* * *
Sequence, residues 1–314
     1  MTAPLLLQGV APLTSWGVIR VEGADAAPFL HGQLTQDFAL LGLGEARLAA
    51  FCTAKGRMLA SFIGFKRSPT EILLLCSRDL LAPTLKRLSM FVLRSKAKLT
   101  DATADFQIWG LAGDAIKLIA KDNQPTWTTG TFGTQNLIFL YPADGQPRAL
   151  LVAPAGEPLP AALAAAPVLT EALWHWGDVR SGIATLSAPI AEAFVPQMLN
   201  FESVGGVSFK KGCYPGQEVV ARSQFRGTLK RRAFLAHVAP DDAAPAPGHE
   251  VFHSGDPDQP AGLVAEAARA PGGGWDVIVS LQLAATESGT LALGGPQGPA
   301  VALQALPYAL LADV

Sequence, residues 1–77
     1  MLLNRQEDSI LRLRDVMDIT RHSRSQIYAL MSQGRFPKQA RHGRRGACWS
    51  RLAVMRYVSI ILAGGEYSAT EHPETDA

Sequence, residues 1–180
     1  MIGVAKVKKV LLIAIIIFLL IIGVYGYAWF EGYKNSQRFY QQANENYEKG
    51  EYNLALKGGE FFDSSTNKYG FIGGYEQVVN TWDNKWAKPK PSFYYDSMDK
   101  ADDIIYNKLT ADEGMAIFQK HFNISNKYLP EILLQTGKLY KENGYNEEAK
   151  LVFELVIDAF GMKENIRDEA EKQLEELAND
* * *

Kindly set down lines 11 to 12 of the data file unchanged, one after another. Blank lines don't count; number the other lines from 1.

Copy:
    51  RLAVMRYVSI ILAGGEYSAT EHPETDA

Sequence, residues 1–180